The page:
“The one thing I want to tell the public is, you should give us an opportunity and only then we can tell you who we are and what we can do.”
By
Saloni Kothari, Mary Mrad

19 Apr 2018 - 8:53 AM  UPDATED 9 Oct 2018 - 3:25 PM

Along a busy road in India’s city of Bangalore, is a small run-down studio hosting Radio Active.

Priyanka is the first transgender radio jockey at the community radio station. She now proudly walks the streets of the city wearing her red sari, which she was not able to do before.

Priyanka only recently became a citizen when she earned her right to identify as a transgender person after Karnataka state changed its law recognising transgender people in 2017.

Before this time, Priyanka had no legal paperwork. She lived without a passport, driver’s licence, and bank account.

Like many in the transgender community who are not legally recognised, Priyanka struggled to access protection, security and government resources.

Deeptha Rao, a lawyer at Bangalore’s Alternative Law Firm said the 2017 policy provided a formal legal framework to recognise transgender people who had until then been denied citizenship.

India’s transgender community in Bangalore, estimated to number around 3000, has transformed in recent years, with newly won legal recognition and rights.

This included allowing members of the transgender community to register their marriage. It paved the way for the first transgender union in the state. Akkai Padmashali was the first transgender in Karnataka, to get married earlier this year.

“It was the first time the transgender identity was recognised distinct from your male and female sexual identities,” Rao said.

“It includes this class of citizens into whatever existing framework of entitlements."

Although the policy protects the transgender community from discrimination and isolation, society still does not accept them.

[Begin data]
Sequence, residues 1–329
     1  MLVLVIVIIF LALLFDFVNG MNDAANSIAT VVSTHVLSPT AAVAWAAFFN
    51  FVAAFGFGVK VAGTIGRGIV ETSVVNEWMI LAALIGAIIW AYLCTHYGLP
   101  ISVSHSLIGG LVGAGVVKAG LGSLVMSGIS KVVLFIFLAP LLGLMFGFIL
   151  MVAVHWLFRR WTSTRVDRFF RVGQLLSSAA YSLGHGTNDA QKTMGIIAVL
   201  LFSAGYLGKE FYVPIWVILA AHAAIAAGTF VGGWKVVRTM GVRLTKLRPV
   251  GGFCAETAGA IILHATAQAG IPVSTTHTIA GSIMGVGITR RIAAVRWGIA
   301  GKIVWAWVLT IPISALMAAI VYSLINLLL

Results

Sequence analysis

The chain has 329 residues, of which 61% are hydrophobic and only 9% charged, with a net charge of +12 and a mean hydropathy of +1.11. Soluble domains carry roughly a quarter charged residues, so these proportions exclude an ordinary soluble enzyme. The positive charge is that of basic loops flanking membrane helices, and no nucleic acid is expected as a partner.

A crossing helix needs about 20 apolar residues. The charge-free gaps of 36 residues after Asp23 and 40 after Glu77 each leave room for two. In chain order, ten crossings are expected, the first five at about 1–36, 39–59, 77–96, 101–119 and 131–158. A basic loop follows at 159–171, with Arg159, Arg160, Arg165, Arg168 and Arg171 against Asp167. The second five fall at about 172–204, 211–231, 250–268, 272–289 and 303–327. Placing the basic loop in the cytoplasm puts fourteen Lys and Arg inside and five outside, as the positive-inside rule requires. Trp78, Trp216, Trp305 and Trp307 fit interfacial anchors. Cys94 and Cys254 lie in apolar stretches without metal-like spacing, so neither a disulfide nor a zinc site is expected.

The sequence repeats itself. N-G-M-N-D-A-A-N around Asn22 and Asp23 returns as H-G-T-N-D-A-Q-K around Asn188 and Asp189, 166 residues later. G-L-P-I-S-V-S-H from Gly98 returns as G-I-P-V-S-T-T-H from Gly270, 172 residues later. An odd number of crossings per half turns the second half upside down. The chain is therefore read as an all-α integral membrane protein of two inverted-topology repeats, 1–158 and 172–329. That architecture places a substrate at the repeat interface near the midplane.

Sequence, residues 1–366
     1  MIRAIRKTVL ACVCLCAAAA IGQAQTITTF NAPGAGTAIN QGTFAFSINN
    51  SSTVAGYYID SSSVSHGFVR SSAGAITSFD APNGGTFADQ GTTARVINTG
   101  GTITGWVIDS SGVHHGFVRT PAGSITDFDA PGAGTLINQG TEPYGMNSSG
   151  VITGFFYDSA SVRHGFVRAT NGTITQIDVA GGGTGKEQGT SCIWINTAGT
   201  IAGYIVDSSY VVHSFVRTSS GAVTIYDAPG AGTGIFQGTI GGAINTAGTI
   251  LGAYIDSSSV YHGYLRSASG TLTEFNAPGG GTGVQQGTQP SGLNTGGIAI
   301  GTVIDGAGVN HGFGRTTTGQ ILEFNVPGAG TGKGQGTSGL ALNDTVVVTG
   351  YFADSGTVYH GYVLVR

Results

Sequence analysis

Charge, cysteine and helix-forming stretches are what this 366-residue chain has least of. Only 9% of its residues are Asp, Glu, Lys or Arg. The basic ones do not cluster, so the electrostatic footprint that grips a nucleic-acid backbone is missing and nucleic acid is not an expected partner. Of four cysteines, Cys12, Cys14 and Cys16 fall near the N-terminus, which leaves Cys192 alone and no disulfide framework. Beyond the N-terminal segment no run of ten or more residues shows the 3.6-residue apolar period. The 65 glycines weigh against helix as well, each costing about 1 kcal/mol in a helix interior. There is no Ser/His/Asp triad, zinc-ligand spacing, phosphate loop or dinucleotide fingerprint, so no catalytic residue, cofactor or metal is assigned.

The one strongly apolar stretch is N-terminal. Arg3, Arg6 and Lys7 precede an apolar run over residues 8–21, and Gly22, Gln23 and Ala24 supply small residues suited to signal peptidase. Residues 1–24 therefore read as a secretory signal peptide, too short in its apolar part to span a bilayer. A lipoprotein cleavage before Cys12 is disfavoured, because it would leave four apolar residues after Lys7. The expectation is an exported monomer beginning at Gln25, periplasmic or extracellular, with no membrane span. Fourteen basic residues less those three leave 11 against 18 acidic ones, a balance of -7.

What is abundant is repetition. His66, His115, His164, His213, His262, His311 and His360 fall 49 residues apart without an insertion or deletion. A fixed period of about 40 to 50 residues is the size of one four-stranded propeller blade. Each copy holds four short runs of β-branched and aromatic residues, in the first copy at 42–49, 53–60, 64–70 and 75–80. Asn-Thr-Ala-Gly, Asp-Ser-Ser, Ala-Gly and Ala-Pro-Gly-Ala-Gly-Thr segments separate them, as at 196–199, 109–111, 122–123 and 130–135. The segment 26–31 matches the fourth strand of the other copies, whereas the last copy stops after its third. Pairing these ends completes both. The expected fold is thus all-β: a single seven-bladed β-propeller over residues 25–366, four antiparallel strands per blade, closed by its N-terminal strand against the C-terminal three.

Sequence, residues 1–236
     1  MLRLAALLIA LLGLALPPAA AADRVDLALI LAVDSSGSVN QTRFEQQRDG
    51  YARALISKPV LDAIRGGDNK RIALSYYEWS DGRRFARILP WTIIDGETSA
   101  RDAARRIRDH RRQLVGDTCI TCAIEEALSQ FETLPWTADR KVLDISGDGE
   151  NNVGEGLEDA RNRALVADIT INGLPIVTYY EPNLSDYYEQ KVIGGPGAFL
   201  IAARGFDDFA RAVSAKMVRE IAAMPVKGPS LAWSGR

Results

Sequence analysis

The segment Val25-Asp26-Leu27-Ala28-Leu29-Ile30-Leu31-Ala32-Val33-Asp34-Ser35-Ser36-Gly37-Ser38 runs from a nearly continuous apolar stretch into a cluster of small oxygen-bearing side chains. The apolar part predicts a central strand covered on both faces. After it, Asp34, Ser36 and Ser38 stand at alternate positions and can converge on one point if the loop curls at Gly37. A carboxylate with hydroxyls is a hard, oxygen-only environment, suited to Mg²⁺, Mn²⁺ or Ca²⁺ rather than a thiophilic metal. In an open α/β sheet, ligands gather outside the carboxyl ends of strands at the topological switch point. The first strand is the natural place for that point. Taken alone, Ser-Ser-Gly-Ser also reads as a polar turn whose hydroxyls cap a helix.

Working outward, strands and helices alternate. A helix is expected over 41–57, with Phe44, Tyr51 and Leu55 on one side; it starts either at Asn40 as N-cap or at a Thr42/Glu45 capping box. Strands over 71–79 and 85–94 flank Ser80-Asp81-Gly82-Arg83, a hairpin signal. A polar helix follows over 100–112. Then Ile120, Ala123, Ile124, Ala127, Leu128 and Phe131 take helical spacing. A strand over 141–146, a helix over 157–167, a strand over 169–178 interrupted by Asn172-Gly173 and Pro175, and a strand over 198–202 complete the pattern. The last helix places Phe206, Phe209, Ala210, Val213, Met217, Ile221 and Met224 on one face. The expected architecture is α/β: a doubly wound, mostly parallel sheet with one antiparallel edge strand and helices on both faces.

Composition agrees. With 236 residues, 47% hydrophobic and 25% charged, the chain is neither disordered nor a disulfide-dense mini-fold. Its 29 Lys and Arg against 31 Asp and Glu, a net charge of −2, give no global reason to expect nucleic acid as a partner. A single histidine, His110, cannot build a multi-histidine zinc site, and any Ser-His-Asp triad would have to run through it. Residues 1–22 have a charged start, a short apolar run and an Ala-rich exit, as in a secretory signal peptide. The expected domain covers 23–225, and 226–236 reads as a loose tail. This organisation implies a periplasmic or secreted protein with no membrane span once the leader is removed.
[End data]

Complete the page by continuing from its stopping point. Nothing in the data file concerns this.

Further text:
“Our family members didn’t accept us and usually kick us out of the house,” Priyanka said.

“The one thing I want to tell the public is, you should give us an opportunity and only then we can tell you who we are and what we can do,” she said.

Transgender people in India were previously limited to professions that were not accepted by mainstream society.

“We could only be sexual workers or beg because that was the only way we had some income. There was no other options instead of these. There were no other opportunities given to us in society. We had no choice but to do these things. We were forced into it,” Priyanka said.

“We had no identity cards or shelter to stay and there was no voice for our community."

Priyanka has became a voice at Radio Active for the transgender community.

“My program is called ‘Yari Varu’ and I can discuss topics including sexuality and non-acceptance by family members,” she said.

“Earlier the transgender community was a lot smaller compared to now and most people didn’t speak up about the difficulties. Now there are many NGOs and they can talk about all their problems."

The author travelled to India as part of the University of Technology Sydney (UTS) The Foreign Correspondent Study Tour. The project is funded by the Australia-India Council of the Department of Foreign Affairs and Trade.

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